refreshments


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re·fresh·ment

 (rĭ-frĕsh′mənt)
n.
1. The act of refreshing or the state of being refreshed.
2. Something, such as food or drink, that refreshes.
3. often refreshments A snack, light meal, or drink.
Translations
مُرَطِّباتمَشْرُوبات
občerstvení
forfriskninger
virvokkeet
osvježenje
frissítõk
hressing
軽食
다과
občerstvenie
okrepčila
förfriskningar
เครื่องดื่มหรืออาหารที่ทำให้สดชื่น
đồ ăn nhẹ

refresh

(rəˈfreʃ) verb
to give new strength and energy to; to make (a person etc) feel less hot, tired etc, eg after or during a period of hard work. This glass of cool lemonade will refresh you.
reˈfreshing adjective
1. giving new strength and energy; having a cooling and relaxing effect. a refreshing drink of cold water.
2. particularly pleasing because different from normal. It is refreshing to hear a politician speak so honestly.
reˈfreshingly adverb
reˈfreshments noun plural
food and drink served eg at a meeting. Light refreshments are available in the other room.
refresh someone's memory
to remind (someone) of the facts and details of something.

refreshments

مَشْرُوبات občerstvení forfriskninger Erfrischungen αναψυκτικά refrigerio virvokkeet rafraîchissements osvježenje rinfresco 軽食 다과 verfrissingen forfriskelser zakąski refrescos закуски förfriskningar เครื่องดื่มหรืออาหารที่ทำให้สดชื่น serinletici içecek đồ ăn nhẹ 点心
References in classic literature ?
There was a pleasing inequality in the table, which produced many mishaps to cups and plates, acorns dropped in the milk, little black ants partook of the refreshments without being invited, and fuzzy caterpillars swung down from the tree to see what was going on.
There was a long rest for the orchestra, and plenty of refreshments, while Marija was making her peace with her victim, seating him upon the bar, and standing beside him and holding to his lips a foaming schooner of beer.
ten minutes for refreshments -- knductr'll strike the gong-bell two minutes before train leaves -- passengers for the Shore line please take seats in the rear k'yar, this k'yar don't go no furder -- AHH - pls, AW-rnjz, b'NANners, S-A-N-D'ches, p--OP-corn
1] The chaleteer's business consisted in furnishing refreshments to tourists.
Robinson was not only "turrible neat," but "turrible close," so that the refreshments were likely to be peppermint lozenges and glasses of well water.
In the course of the spring she must return their civilities by one very superior partyin which her cardtables should be set out with their separate candles and unbroken packs in the true styleand more waiters engaged for the evening than their own establishment could furnish, to carry round the refreshments at exactly the proper hour, and in the proper order.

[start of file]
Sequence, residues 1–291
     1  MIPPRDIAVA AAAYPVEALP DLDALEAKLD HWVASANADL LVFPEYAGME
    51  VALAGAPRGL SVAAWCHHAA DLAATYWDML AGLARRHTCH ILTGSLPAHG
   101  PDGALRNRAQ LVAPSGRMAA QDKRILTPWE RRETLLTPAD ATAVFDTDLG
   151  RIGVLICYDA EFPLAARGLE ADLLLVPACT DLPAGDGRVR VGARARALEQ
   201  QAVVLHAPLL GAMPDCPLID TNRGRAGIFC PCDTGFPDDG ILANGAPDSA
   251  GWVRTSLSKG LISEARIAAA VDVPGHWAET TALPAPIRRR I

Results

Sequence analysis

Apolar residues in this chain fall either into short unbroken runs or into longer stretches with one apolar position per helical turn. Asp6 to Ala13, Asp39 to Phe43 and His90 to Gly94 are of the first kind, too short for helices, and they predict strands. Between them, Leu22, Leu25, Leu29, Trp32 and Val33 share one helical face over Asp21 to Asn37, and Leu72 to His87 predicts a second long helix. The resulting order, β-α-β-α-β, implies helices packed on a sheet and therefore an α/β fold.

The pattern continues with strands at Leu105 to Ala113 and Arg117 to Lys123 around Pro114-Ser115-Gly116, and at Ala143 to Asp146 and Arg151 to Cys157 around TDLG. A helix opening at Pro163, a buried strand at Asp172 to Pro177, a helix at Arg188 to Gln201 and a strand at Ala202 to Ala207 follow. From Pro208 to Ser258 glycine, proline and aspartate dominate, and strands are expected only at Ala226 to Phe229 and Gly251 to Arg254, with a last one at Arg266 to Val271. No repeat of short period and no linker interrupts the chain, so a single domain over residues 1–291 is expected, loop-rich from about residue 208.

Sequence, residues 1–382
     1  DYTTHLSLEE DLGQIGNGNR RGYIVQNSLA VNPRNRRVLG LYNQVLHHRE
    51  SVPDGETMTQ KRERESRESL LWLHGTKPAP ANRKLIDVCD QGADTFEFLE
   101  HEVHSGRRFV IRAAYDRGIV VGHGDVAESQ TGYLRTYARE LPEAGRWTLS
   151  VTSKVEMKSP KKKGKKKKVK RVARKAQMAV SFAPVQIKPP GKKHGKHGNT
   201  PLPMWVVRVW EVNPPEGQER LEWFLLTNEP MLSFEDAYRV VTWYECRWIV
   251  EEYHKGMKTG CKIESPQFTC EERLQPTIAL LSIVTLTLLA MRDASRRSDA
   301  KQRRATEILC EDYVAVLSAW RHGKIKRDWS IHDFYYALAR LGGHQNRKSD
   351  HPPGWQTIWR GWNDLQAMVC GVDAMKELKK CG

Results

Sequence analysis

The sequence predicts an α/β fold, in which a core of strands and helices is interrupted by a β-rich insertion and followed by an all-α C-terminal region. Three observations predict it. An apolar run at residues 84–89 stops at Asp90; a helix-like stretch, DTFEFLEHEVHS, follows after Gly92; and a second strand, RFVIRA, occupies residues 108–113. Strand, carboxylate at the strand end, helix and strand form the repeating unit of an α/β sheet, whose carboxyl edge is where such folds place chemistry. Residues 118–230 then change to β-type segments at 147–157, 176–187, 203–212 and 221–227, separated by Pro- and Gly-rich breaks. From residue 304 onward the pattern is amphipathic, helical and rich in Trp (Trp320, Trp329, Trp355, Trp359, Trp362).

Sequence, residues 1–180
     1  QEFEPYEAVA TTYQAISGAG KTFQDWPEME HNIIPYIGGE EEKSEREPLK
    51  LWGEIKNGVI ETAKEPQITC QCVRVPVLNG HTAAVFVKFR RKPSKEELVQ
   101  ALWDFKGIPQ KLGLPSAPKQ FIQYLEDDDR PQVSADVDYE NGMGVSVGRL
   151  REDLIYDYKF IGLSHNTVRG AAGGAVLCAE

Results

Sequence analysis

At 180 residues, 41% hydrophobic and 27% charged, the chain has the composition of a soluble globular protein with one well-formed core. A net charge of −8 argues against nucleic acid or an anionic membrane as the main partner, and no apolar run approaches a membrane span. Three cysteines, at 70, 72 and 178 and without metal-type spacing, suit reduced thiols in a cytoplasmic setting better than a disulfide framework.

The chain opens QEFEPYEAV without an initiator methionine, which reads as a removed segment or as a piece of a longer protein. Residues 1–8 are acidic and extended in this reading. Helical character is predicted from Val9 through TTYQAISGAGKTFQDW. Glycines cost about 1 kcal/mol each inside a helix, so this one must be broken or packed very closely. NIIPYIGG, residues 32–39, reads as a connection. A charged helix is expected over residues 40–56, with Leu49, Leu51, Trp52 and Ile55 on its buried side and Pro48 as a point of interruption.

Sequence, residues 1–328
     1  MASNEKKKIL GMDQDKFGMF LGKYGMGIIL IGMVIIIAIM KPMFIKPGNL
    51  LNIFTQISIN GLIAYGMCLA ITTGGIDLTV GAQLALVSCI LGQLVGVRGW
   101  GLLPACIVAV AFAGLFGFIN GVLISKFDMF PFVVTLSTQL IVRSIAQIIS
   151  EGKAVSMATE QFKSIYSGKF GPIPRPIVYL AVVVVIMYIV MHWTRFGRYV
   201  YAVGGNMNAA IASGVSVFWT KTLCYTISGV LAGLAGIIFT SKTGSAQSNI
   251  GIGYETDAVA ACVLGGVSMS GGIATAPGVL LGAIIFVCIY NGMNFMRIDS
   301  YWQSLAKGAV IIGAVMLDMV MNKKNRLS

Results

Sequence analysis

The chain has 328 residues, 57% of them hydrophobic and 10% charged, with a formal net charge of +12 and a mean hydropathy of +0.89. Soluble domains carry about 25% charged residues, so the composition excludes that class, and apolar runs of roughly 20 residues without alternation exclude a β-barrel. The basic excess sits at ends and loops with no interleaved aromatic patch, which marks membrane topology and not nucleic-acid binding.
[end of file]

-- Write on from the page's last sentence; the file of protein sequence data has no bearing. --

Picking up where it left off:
From every enjoyment I was, of course, excluded: my share of the gaiety consisted in witnessing the daily apparelling of Eliza and Georgiana, and seeing them descend to the drawing-room, dressed out in thin muslin frocks and scarlet sashes, with hair elaborately ringletted; and afterwards, in listening to the sound of the piano or the harp played below, to the passing to and fro of the butler and footman, to the jingling of glass and china as refreshments were handed, to the broken hum of conversation as the drawing-room door opened and closed.
When the rehearsal was over, nobody observed that the stout lady with the wig privately withdrew herself from the company; and when she was afterward missed from the table of refreshments, which Mr.
Peggotty had a basket of refreshments on her knee, which would have lasted us out handsomely, if we had been going to London by the same conveyance.
He followed modestly the last of the train which entered the hall, and, observing that the lower table scarce afforded room sufficient for the domestics of Cedric and the retinue of his guests, he withdrew to a settle placed beside and almost under one of the large chimneys, and seemed to employ himself in drying his garments, until the retreat of some one should make room at the board, or the hospitality of the steward should supply him with refreshments in the place he had chosen apart.
Miller, the vicar, and some mothers and other chaperons looked on and consumed light refreshments, which were brought out upon trays by Smilash, who had borrowed and put on a large white apron, and was making himself officiously busy.
Not content with this, one brought me splendid garments, while another filled a basin with scented water and poured it over my hands, and the rest busied themselves with preparing refreshments.